Words on water

Response to gov’s drought declaration

Since Gov. Jerry Brown declared a statewide drought emergency Jan. 17 this year and called on Californians to cut their water use by 20 percent, we now have information from a survey conducted by the state Water Resources Control Board that finds statewide urban water usage is down just 5 percent between January and May compared to the previous three years. This is significantly less than the 20 percent requested.

The survey found more than half of the 270 water agencies responding have formally implemented drought or water shortage plans. Among the results reported, the Sacramento Valley region reports the highest conservation rate so far at 10 percent.

Results from other regions include an overall 7-percent reduction in the San Joaquin Valley, 5-percent reduction in the South Coast area, 2-percent in the Bay Area and virtually no change on the Central Coast.

Locally we have recently achieved significant conservations results, though well below the 20 percent requested by the governor. Water production declined close to 9 percent in April and 8 percent in May when compared to the previous year. This amounts to a savings of about 36,351,000 gallons in just two months. That’s enough to supply the current annual average use of 117 families of four in Ridgecrest.

When we look more closely at the data, we find there was a long-term trend toward reduction in water use well before the declaration of drought. During the period from 1998 to 2007, the average water use per person for Indian Wells Valley Water District customers was 264 gallons.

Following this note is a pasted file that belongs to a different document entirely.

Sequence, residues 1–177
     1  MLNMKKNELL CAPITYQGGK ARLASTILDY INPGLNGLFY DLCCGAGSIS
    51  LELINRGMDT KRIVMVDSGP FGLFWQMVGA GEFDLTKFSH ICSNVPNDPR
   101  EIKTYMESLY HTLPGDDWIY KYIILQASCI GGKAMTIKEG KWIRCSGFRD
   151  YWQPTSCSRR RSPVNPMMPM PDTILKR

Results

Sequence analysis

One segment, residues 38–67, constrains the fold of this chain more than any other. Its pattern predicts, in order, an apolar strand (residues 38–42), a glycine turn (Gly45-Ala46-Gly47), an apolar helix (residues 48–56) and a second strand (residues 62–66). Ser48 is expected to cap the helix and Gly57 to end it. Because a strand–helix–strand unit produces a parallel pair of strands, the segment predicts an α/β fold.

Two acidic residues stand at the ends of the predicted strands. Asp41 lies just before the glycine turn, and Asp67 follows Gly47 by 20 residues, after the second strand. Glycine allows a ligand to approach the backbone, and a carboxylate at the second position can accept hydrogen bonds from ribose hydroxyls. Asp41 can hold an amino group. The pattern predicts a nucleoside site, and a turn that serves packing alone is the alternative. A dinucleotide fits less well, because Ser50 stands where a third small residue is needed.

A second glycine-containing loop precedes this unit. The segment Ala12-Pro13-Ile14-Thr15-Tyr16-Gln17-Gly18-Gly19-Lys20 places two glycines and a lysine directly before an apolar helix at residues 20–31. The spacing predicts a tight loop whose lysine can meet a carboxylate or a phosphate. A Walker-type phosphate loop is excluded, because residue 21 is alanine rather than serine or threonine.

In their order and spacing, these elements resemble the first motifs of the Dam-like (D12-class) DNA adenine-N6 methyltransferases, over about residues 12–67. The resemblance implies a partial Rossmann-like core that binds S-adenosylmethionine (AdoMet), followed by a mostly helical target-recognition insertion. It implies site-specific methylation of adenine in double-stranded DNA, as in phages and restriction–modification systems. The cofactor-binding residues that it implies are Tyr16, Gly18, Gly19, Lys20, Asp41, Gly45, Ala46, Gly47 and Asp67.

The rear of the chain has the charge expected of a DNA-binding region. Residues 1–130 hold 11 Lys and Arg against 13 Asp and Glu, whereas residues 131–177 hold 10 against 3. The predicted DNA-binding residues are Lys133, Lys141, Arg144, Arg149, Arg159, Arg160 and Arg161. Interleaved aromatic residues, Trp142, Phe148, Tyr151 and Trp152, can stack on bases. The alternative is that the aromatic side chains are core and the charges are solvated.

The past two years that number has averaged 214 gallons, a 19-percent reduction. There are certainly opportunities to reduce water use even more as evidenced by the runoff you can observe as you drive our city streets. The water runoff is indicative of the fact that we have areas of town where overwatering and/or misadjusted sprinklers are an issue. We should all be checking our irrigation system routinely to ensure that we are minimizing overspray and also that we are not watering excessively. The water we observe running down our streets not only is wasteful, but also can ultimately cause costly damage to our streets and curbs.

Conservation is certainly one of the tools available in the tool box to address the state’s water shortage, but as Dave Bolland with the Association of California Water Agencies states, “While saving water is good, the state can’t conserve its way out of its water shortage problem.” Recycled water, storm-water capture, groundwater remediation, desalination, new storage, water importation, surface and ground water are all part of a total package. The Water Availability and Conservation Report for the Indian Wells Valley, commissioned by Kern County and issued by Todd Groundwater earlier this year, addresses these water management alternatives in the context of local application. If you have not read this report, I would encourage you to do so. It is available on the Kern County Planning and Development website at http://pcd.kerndsa.com/planning/latestplanningnews/336-iwvrop-water-report.

A meeting regarding the local water situation was hosted by Kern County Planning and Development staff May 15 with major stakeholders representing a broad range of interests in attendance. The purpose was to develop and prioritize a path forward that will insure sustainability of our community and protect the mission at the Naval Air Weapons Station. The resulting discussions are being summarized in a draft report that is expected to be available for review and comment next month.

For tips on how you can reduce your water consumption or to report water waste, please visit the district’s website at www.iwvwd.com.

Story First Published: 2014-06-25